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What Giles Martin discovered when remixing Revolver


al mcguire
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A(nother) five-star review for the box set. From The Guardian:

 

The Beatles: Revolver Special Edition (Super Deluxe) review – experimental genius in real time

 

The Beatles’ career has been so exhaustively documented, chronicled and bootlegged, it can feel as if there aren’t many surprises left to uncover. But the footage in Peter Jackson’s recent documentary on the band, Get Back, certainly proved that assumption wrong … particularly the mind-blowing jam session where the band conjure the documentary’s title track out of thin air. Knowing the Beatles possessed unparalleled studio chemistry is one thing; seeing them nonchalantly chisel away at a musical idea and create greatness in real time is another thing entirely.

 

A bonus disc on the new expanded, remixed and remastered box set of 1966’s Revolver offers an even more transformative experience: a jaw-dropping sequence of Yellow Submarine work tapes traces the song’s evolution from a fragile, sad wisp sung by John Lennon to its later iteration as a Ringo Starr-directed psych-pop goof. That the band steered Yellow Submarine from morose folk trifle to boisterous stoner singalong seems improbable, but the tapes don’t lie: through a combination of focused acoustic woodshedding and whimsical studio risks, the band arrived at the more familiar, upbeat Yellow Submarine.

Iteration and fearless experimentation were always Beatles hallmarks, but Revolver found the band accelerating headfirst into innovation.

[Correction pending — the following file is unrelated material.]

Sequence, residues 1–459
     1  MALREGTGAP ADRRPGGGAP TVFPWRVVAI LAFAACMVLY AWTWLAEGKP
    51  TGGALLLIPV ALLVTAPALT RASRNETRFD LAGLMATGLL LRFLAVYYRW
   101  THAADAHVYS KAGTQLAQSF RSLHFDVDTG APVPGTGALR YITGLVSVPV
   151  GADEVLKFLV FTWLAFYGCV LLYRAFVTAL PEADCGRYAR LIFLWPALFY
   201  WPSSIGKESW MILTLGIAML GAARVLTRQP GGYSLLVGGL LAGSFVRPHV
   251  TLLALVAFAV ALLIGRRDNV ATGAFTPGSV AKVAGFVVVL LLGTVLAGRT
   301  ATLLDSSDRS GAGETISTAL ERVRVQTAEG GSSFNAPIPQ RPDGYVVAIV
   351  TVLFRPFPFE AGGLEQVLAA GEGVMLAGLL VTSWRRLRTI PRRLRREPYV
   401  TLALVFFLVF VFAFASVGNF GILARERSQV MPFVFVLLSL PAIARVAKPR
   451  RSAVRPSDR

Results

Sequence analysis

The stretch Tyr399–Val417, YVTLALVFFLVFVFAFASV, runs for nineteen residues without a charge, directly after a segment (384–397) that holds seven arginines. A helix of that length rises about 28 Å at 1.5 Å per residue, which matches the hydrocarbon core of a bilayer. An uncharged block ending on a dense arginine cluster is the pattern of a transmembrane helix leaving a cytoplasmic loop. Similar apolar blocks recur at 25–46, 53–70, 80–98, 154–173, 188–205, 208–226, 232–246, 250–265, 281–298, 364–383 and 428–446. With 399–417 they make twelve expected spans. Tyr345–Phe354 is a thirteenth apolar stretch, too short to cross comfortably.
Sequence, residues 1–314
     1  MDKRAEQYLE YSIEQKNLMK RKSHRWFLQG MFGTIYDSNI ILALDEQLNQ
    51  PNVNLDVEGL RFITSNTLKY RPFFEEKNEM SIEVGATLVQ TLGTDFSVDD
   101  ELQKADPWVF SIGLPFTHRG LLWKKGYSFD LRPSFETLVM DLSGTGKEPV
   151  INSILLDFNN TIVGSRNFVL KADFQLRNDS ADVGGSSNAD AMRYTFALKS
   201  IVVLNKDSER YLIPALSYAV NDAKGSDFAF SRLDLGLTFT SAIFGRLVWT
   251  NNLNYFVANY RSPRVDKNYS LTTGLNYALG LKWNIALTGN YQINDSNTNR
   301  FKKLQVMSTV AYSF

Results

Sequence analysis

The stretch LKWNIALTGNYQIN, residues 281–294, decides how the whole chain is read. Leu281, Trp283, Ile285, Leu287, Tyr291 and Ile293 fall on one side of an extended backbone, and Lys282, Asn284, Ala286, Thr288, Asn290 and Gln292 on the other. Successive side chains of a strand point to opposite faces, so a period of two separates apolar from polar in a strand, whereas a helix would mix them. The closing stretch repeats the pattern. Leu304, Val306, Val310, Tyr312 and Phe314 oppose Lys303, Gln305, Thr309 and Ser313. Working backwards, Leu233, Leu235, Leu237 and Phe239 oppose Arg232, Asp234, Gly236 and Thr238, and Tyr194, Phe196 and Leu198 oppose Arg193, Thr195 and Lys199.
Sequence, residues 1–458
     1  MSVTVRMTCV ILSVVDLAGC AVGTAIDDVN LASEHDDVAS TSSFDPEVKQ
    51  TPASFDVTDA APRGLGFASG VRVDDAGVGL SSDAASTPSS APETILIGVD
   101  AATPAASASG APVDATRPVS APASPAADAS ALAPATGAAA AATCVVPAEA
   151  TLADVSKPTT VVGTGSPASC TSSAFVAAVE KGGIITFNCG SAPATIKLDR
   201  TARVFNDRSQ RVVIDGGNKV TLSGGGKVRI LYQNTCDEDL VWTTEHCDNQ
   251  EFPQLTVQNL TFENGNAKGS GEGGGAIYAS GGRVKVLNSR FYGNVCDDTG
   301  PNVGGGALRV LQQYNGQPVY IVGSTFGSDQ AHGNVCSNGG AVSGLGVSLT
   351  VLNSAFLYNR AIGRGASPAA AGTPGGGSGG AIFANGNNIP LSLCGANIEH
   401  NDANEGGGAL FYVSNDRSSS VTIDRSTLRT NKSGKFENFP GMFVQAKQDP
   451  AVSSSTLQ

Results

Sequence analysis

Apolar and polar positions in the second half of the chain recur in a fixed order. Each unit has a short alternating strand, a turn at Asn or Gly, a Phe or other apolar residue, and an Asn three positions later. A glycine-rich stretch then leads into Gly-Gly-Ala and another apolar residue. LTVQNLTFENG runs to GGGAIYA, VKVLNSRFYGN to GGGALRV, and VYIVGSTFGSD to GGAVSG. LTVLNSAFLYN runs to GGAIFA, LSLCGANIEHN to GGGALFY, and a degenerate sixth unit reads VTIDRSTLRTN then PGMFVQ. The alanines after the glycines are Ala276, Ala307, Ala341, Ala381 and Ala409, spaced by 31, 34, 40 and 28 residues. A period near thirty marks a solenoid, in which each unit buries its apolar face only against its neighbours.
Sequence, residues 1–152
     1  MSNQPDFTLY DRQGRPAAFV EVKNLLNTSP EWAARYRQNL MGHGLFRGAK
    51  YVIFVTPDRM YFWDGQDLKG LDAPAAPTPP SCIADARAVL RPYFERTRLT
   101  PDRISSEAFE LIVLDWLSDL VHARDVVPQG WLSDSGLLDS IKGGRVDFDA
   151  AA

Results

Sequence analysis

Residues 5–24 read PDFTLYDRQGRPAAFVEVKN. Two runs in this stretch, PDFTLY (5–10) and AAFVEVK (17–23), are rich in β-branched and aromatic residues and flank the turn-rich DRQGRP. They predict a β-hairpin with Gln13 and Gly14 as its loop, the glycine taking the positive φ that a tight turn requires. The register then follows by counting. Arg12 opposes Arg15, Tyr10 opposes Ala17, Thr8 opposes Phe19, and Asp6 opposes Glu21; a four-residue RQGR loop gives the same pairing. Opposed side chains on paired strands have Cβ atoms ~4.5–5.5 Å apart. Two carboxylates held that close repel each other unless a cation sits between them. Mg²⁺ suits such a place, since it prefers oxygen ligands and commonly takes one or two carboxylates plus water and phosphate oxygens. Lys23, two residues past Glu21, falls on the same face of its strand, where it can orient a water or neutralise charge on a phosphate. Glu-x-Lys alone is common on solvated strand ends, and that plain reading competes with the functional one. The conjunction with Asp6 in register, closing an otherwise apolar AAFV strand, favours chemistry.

Rest of the review:

https://www.theguardian.com/music/2022/oct/27/the-beatles-revolver-album-special-edition-super-deluxe-review

 

And those first thoughts of what became Yellow Submarine:

 

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Interesting stuff!  I might have to track down a vinyl copy to see how it compares to my original 1st pressing.  One Beatles remaster that definitely is better is the Live At The Hollywood Bowl.  I have an original pressing and it is damn near unlistenable given it's just mostly the audience screaming whereas the reissue did a better balance of it all.

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On 10/29/2022 at 4:18 PM, Johnny Karlsson said:

I listened to the 2022 mix of Revolver on Apple Music, and it’s very bright and clear. But I’m not sure that’s “better”, because to my ears it’s almost “too bright and clear”, making it  somewhat harsh sounding. Maybe the vinyl version will tame that a bit…

Your top end might be in better shape than Giles' eh?

 

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7 hours ago, jozzafunk said: